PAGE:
Greedy Is as Greedy Does
IN SEPTEMBER THE Alliance for Better Campaigns, a Washington, D.C.-based public policy group, posted on its Web site, GreedyTV.org, a list of the nation's "greediest" TV stations. Garnering top honors in the Twin Cities was WCCO-TV (Channel 4), based on its millions in political ad revenue coupled with its refusal to provide airtime for candidates to discuss the issues. But a few weeks later, a funny thing happened. GreedyTV still listed WCCO as the top local moneymaker, but KSTP-TV (Channel 5) was now stamped with the "greedy" tag, while 'CCO was designated one of the site's "good guys"! The reason: WCCO's parent company, CBS, had signed the Alliance's so-called 5-30 pledge, a promise to air at least five minutes of direct candidate-to-camera discourse each night for a full month, while KSTP had not. If you watch both stations, you know that 1) WCCO is not adhering to the spirit of the Alliance's pledge, and 2) KSTP is giving out free airtime left and right (as it were). Matt Farrey, the Alliance's associate director, acknowledges the group goofed. Many of the pledge signers, he adds, are failing to provide unfiltered, candidate-to-camera discourses. "For the most part, it's been very disappointing. They really seem to be just doing five minutes of regular campaign coverage," Farrey laments. "I think most of the stations just don't get it." When we checked back at GreedyTV, the Twin Cities had a new greedhead: third-place money-grubber KARE-TV (Channel 11). 'CCO was still making top dollar and being hyped as a "Good Guy," while KSTP was now lumped among the "Others Profiteering on Democracy." Stay tuned. (Or don't.)
WITH THE PRESIDENTIAL race up for grabs in our own back yard, Our Fair Cities are suddenly a campaign hotbed. Rev. Jesse Jackson's blow-through last Tuesday in support of Al Gore caught Off Beat's eye: Would this provide a forum to highlight some of the issues important to black voters--affirmative action, the failed drug war, police brutality, to name a few--that have been conspicuously absent from the Election 2000 "dialogue"? Uh, nope. At Lucille's restaurant on the north side, while Jackson urged African Americans to register and vote, a belligerent Ed Demmings was turned away at the door, where he shouted obscenities and brandished a pile of flyers decrying police brutality. (Demmings's cousin Artis Graham died in 1998 after St. Paul police beat him during a drunk-driving stop. The department later ruled that the officers did not use excessive force.) "Go ahead and kill me, too!" Demmings yelled at an approaching squad car before backing off. "They don't care about what I have to say, anyway!" Later, during Jackson's appearance at the University of Minnesota, Off Beat asked Demmings's ostensible question: What would a Gore administration do about police brutality? "He supports hate-crimes legislation," the candidate's emissary hedged. "He wants a ban on race profiling. More than that, if Democrats win, [Michigan Democrat] John Conyers becomes chair of the House Judiciary [Committee]. We'll have more capacity in the Congress, and in the White House, to address police brutality."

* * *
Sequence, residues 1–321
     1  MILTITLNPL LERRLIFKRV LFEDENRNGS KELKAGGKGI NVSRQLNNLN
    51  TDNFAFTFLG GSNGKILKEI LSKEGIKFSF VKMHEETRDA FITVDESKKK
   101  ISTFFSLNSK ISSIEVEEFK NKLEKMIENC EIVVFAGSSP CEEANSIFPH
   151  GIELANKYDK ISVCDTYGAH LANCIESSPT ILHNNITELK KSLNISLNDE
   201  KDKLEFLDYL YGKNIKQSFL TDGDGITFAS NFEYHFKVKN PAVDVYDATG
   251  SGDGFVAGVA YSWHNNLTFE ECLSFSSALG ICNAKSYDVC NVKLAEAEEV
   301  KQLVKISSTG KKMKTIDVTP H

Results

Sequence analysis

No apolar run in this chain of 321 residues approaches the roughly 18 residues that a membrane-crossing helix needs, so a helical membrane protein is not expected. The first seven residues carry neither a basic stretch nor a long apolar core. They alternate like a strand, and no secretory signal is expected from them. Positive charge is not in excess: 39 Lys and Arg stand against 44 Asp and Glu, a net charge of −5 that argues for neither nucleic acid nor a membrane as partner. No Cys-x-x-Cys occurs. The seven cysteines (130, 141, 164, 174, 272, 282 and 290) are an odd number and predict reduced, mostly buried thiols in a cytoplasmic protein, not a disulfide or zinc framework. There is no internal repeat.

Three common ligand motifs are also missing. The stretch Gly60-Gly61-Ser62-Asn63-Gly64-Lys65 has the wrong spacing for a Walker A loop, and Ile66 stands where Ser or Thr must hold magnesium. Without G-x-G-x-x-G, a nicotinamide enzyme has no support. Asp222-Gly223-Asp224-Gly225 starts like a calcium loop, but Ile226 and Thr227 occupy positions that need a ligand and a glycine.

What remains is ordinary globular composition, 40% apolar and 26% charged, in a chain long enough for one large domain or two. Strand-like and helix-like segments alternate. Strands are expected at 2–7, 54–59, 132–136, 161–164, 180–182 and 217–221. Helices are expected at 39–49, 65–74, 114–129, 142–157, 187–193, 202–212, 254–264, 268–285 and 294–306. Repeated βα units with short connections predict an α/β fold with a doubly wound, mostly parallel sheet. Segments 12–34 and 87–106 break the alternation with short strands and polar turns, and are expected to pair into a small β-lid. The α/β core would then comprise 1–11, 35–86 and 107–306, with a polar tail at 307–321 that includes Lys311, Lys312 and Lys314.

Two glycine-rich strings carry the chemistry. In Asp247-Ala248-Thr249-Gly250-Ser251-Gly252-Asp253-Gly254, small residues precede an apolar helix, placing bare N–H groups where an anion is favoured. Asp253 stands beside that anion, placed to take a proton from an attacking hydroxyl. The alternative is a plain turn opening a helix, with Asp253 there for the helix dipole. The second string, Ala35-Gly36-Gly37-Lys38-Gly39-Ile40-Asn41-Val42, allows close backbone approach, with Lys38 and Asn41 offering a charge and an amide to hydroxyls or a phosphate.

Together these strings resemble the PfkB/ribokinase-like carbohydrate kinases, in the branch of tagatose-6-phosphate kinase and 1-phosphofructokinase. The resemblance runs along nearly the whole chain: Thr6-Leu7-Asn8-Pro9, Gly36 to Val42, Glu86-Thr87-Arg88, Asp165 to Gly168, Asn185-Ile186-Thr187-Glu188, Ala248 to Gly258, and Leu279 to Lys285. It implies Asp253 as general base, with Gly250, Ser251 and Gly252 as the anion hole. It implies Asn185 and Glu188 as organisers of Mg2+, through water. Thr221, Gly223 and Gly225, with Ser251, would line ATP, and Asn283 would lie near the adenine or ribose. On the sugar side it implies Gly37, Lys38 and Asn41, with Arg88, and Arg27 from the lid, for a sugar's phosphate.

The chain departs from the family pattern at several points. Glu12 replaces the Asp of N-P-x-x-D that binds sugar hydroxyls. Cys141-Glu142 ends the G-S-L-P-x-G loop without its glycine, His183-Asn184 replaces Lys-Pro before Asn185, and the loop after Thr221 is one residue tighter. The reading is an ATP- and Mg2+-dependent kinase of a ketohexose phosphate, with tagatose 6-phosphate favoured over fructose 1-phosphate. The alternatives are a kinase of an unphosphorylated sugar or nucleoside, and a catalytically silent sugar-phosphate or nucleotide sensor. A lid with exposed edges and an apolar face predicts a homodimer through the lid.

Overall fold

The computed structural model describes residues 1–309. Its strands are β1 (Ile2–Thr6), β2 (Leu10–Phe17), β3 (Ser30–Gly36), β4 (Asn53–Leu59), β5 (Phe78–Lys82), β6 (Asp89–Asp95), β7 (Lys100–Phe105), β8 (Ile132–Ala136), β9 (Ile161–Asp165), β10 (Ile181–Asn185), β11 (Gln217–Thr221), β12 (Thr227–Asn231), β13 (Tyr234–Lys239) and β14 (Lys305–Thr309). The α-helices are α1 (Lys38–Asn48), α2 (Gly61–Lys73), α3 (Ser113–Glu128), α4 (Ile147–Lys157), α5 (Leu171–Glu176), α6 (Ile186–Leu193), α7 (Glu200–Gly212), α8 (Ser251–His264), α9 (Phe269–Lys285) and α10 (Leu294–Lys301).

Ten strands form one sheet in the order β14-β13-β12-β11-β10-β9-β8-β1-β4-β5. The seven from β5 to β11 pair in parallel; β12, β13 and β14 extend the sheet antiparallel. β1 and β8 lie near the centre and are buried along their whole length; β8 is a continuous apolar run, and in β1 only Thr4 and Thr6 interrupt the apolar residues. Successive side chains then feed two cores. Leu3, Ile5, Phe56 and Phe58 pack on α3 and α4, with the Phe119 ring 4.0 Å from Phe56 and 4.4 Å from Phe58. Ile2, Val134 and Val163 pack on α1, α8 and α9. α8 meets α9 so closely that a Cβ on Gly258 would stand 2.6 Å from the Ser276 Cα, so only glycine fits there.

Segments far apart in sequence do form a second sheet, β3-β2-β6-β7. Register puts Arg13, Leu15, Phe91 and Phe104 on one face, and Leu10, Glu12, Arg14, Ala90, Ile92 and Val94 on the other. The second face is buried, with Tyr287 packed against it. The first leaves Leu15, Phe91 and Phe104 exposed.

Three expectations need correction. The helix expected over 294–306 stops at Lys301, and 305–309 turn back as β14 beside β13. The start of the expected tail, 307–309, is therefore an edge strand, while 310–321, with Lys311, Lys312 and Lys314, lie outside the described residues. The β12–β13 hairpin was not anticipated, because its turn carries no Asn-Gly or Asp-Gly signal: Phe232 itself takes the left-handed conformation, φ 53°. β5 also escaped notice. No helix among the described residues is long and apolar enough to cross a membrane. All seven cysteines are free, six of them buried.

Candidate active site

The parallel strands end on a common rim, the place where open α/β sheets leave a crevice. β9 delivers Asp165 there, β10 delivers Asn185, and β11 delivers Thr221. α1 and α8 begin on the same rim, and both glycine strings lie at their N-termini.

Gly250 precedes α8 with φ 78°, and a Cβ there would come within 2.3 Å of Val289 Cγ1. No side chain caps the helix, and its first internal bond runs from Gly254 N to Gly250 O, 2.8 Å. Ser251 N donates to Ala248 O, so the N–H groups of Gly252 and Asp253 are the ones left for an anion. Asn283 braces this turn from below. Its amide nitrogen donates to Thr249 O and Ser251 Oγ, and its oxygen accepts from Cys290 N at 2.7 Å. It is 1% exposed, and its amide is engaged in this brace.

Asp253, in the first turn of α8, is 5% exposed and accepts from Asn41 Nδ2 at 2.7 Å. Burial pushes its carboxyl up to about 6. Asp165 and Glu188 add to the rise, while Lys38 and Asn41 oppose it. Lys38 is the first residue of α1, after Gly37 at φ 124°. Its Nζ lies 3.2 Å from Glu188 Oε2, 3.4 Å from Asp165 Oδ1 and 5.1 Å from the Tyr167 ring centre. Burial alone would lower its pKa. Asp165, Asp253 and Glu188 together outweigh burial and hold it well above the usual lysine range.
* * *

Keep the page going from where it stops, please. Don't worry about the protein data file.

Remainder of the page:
SINCE FRANK GEHRY'S Guggenheim in Bilbao, Spain, opened in 1997, museum design has become the holy grail of the architecture world. Suddenly every metropolis is touting plans for a spectacular new temple whose aesthetic eclipses the art it's meant to house. And with each new megaproject--I.M. Pei's Miho Museum of Art in Kyoto and Richard Meier's Getty Museum in L.A. proudly among them--the scramble for visionary builders grows fiercer. How then does a museum like our own humble Walker Art Center attract A-list talent for its own expansion plans? One method might be flattery. This Sunday the Walker presents its first exhibition to showcase the work of a single architect or firm since 1986's Gehry retrospective: a homage to Jacques Herzog and Pierre de Meuron, the high-class Swiss duo commissioned to undertake the museum's $50 million face-lift. (They are also responsible for the recent, acclaimed Tate Modern in London.) According to Walker curator Philippe Vergne, who began talking with the architects about an exhibit soon after they signed on to redesign the Walker in March, the show will be less a retrospective of their previous work than an exploration of the firm's "creative process." Is it a case of self-promotion? Certainly, says Vergne. "The impetus was putting together the new building. We wanted to start a relationship with them, and also make visible to the community why we went with these architects." A far cry from the ancient Egyptians, certainly, who preferred burying their monument builders to deifying them.
Moving Right Along
THE OTHER DAY the Star Tribune reported the third-quarter earnings of its corporate parent, the McClatchy Co. As is its wont (see the July 19 installment of this column), along with the numbers, the paper supplied an extra tidbit. To wit: "The company said that as a result of rising newsprint prices, it expects full-year earnings to be between $1.95 and $1.97 per share, less than the analysts' consensus estimate of $2.01 per share." What McClatchy president and CEO Gary Pruitt also said, but what the Strib didn't mention, was this: "Our strategy of regional diversification in growth markets is paying off with strong performances at our California and Carolinas newspapers, offsetting somewhat weaker results in Minnesota and the Northwest."
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